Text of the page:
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AmEx Credit Card Breach: How To Protect Yourself

AmEx Credit Card Breach: How To Protect Yourself
June 6, 2014 7:08AM

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American Express is notifying 58,522 California residents that data including their names and account numbers may have been breached. The company was informed by law enforcement that several large files containing the personal information was posted online by apparent members of Anonymous, the online "hacktivist" network.

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In what's becoming an unfortunate ritual for U.S. consumers, news of another data breach, this time at American Express, is prompting calls for cardholders to protect themselves.

Earlier this week, American Express announced that it was notifying 58,522 California residents that data including their names and account numbers may have been breached. More than 18,000 more California residents, the notice said, may have had other information breached, but not their names.

According to the notice, the company was informed by law enforcement that several large files containing the personal information was posted online by apparent members of Anonymous, the online "hacktivist" network.

The company believes the subgroup Anonymous Ukraine was specifically to blame.

Scott Mitic, a vice president at Equifax, one of the three American credit bureaus, called the incident "yet another in the nearly constant stream of data breaches that affect U.S. consumers today. It's part of our day-to-day to lives."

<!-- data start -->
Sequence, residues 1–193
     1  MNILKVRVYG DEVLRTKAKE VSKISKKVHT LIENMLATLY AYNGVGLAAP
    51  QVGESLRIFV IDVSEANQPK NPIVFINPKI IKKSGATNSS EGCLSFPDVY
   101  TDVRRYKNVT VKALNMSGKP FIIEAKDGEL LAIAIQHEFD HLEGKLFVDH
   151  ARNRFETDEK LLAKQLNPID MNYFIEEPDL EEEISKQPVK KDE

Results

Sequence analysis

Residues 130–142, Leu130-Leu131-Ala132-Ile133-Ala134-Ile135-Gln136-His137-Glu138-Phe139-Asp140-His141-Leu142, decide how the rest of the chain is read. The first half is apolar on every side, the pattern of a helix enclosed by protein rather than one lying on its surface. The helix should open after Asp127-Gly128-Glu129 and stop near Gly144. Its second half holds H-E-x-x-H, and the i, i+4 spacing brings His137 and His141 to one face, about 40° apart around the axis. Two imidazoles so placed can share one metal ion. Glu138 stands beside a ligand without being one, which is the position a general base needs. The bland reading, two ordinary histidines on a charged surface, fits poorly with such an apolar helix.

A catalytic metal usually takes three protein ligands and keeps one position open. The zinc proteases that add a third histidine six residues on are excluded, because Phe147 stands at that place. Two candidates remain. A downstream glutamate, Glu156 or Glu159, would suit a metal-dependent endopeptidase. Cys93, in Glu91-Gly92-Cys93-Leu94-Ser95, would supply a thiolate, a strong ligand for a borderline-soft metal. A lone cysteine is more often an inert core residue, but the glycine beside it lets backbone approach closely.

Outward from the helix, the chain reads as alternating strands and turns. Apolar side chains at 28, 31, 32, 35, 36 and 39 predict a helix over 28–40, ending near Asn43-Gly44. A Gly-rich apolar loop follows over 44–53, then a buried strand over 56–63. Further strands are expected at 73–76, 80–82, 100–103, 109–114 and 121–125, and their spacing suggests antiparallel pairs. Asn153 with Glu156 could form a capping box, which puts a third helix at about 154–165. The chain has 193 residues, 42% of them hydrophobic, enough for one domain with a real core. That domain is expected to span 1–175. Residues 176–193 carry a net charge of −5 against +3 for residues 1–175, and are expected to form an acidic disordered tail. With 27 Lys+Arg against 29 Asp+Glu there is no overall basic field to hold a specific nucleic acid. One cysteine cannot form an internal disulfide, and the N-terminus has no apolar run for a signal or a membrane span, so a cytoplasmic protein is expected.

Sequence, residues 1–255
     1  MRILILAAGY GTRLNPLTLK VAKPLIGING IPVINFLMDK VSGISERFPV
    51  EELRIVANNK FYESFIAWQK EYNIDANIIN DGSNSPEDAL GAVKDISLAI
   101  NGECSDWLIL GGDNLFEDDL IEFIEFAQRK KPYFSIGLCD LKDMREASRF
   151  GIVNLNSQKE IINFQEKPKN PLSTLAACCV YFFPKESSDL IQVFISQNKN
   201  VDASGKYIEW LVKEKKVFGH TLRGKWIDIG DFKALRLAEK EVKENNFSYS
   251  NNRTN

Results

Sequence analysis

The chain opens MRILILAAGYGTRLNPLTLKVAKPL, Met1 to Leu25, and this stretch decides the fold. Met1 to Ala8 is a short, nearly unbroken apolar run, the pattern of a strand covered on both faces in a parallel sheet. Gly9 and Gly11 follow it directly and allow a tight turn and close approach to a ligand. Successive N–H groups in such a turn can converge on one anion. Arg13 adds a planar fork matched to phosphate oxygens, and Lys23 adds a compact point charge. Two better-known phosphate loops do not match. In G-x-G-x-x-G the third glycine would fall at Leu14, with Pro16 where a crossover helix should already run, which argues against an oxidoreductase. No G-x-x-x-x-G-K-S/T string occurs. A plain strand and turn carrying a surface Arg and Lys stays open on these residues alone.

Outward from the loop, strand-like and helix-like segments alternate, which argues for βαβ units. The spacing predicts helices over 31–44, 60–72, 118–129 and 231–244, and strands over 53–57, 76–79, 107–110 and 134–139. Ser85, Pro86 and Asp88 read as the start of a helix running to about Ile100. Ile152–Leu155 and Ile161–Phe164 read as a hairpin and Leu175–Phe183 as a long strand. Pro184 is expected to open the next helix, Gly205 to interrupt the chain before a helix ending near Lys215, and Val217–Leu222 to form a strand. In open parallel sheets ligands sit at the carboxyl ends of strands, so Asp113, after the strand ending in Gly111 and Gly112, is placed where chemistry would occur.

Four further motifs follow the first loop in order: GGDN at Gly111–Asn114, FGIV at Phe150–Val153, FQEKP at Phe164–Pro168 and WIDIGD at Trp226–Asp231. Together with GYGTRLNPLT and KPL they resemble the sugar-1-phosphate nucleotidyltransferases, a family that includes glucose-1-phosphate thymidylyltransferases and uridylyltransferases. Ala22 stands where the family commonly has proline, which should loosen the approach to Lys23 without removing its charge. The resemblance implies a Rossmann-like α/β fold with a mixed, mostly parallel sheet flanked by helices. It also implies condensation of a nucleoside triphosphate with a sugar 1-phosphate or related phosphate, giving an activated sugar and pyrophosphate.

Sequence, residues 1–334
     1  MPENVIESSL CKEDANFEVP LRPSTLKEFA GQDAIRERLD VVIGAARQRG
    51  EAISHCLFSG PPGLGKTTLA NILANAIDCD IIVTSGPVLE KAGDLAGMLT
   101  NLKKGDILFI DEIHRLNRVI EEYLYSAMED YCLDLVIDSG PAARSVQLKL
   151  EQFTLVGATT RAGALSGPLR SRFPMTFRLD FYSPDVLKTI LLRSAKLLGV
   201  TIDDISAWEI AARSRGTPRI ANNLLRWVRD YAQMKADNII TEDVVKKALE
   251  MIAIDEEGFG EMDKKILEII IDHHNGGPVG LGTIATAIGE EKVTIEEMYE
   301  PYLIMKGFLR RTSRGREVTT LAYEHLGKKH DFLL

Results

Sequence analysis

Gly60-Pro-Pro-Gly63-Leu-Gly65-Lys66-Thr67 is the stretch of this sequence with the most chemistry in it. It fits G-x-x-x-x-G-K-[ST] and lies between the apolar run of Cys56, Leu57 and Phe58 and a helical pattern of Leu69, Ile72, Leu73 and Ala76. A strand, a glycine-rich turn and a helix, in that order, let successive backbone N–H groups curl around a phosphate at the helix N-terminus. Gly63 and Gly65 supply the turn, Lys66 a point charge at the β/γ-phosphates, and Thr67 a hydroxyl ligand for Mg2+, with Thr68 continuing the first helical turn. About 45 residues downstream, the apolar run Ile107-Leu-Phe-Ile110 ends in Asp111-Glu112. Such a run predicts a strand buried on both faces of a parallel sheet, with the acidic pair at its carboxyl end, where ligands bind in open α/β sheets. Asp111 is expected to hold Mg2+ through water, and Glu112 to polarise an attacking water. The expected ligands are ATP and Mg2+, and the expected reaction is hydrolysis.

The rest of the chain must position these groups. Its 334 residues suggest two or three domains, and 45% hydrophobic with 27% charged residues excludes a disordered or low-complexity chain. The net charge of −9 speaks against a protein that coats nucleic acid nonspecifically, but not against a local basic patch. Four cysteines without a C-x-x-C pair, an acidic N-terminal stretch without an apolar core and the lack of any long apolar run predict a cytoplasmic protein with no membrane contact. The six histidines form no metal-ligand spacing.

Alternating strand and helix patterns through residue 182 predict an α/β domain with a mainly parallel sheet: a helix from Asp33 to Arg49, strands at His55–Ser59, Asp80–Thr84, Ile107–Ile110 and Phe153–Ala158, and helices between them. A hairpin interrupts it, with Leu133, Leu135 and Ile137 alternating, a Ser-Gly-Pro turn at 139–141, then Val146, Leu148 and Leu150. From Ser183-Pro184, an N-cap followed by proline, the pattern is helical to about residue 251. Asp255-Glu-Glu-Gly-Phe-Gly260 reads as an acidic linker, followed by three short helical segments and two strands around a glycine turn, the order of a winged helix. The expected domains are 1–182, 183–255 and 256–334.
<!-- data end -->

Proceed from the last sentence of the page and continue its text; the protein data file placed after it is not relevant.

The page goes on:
On the spectrum of breaches, he said, credit card info isn't as damaging as personal information such as social security numbers and birthdays, which can be used indefinitely for identity theft.

In this case, he encouraged cardholders to check their recent transactions, place fraud alerts on their accounts and check their credit reports.

It's unclear when the data was breached, but AmEx first discovered it back on March 25, according to the company.

"We are strongly committed to the security of our card members' information and strive to let you know about security concerns as soon as possible," the company said in a statement. "At this time, we believe the recovered data may include your American Express Card account number, the card expiration date, the date your card became effective and the four digit code printed on the front of your card."

The company said it had placed additional fraud monitoring on affected cards, and assured customers that they are not liable for any fraudulent charges.

© 2014 Los Angeles Times (CA) syndicated under contract with NewsEdge. All rights reserved.

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